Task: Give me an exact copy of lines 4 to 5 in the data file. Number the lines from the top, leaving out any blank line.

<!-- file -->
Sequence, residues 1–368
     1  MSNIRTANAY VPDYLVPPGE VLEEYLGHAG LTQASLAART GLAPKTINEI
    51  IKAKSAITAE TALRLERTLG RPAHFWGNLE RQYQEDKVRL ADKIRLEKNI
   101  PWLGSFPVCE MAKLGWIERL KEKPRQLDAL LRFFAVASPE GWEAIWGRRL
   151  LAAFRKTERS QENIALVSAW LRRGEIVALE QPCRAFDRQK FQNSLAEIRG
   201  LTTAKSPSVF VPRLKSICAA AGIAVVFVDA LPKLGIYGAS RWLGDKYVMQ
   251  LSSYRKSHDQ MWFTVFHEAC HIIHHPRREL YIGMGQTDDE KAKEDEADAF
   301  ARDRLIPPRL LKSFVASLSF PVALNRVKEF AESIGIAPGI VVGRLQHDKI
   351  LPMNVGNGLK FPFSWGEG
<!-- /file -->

   101  PWLGSFPVCE MAKLGWIERL KEKPRQLDAL LRFFAVASPE GWEAIWGRRL
   151  LAAFRKTERS QENIALVSAW LRRGEIVALE QPCRAFDRQK FQNSLAEIRG